Starting a Catholic Classical School
Successful Catholic Classical Schools
Faculty should begin reading and discussing sections of works that explain ideas central to classical education such as “The Lost Tools of Learning,” The Holy See's Teaching on Catholic Schools, articles from Beyond The Test, or (for something more challenging) Stratford Caldecott's Beauty in the Word. Audio downloads from our site or the Circe Institute website can also foster greater faculty understanding of the goals of classical education.
Consider in-service training for all staff, introducing Catholic classical education. Off-site programs include our Conference and Academic Retreats. Though not Catholic, the Circe Institute offers excellent in-service and off-site programs.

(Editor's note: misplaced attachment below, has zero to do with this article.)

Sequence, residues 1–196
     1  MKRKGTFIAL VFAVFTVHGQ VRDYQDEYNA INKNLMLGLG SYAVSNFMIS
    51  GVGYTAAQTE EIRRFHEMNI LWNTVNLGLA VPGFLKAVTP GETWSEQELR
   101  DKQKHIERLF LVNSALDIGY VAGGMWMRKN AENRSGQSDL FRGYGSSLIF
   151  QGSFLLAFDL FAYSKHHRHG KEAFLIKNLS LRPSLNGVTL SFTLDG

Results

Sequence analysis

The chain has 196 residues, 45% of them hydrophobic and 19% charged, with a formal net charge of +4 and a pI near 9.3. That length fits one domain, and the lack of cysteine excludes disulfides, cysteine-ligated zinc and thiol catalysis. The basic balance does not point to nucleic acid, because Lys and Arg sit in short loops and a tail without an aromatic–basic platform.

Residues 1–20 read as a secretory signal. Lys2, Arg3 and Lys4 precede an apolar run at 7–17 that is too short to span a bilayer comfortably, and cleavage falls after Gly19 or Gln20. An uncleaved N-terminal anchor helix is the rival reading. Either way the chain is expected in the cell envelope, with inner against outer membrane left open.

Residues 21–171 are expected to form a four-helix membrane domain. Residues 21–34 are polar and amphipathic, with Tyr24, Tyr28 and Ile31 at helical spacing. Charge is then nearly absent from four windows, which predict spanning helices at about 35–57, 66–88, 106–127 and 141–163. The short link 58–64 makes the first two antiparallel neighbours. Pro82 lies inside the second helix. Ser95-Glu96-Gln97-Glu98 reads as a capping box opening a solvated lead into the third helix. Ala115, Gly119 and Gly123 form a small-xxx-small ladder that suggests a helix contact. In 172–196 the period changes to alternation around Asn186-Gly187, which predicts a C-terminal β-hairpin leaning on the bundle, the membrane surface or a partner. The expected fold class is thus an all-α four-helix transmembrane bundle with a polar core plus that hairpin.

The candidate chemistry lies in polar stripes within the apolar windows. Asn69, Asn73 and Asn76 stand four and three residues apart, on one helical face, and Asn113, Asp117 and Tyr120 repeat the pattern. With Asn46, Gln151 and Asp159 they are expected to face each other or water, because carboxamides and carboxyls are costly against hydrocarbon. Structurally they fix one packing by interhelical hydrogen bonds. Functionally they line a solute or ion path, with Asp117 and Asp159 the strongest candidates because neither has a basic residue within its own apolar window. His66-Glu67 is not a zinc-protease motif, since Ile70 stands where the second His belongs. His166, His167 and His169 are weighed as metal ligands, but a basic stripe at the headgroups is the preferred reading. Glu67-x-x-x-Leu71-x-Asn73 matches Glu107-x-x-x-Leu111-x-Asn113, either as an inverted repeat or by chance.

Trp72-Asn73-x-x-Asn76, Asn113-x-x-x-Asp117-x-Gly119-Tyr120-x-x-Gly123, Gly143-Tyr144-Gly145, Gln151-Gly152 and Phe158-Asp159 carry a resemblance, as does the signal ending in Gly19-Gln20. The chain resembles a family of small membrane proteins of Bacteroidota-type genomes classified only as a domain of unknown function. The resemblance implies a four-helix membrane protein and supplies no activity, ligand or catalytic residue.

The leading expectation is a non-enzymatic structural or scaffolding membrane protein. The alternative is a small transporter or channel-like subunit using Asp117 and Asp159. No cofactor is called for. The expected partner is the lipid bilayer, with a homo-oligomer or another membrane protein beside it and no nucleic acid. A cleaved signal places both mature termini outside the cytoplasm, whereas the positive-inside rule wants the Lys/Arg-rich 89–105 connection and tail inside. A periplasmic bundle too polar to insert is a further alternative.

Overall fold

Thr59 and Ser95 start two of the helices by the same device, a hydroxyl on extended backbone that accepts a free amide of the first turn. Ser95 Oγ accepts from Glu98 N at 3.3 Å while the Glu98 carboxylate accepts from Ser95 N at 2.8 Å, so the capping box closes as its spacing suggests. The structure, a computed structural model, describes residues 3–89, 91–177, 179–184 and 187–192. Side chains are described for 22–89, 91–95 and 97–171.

Begin looking to fill open staff positions with teachers attracted by the idea of classical education. Post position openings on our site as well as in the education section on CatholicJobs.com, using the keyword "Classical." Forward notices to the career counselors at colleges that offer serious liberal arts degrees, such as Thomas Aquinas College and Hillsdale College.
Memoria Press has pre-packaged curricular materials for each grade level that will ease the transition for k-8 schools. Its curriculum is easily tailored to Catholic classical schools through the use of supplementary materials recommended by the Catholic Classical Schools Project. Memoria Press can guide you through this process if you call their office.
St. Jerome’s Educational Plan offers excellent guidance for curricular development.
Starting a Catholic Classical School? We can help!
Use the resources on this page to help form and promote the next great Catholic classical school.
If your parish or diocesan school wants to move in a classical direction, we have some special transition suggestions for you.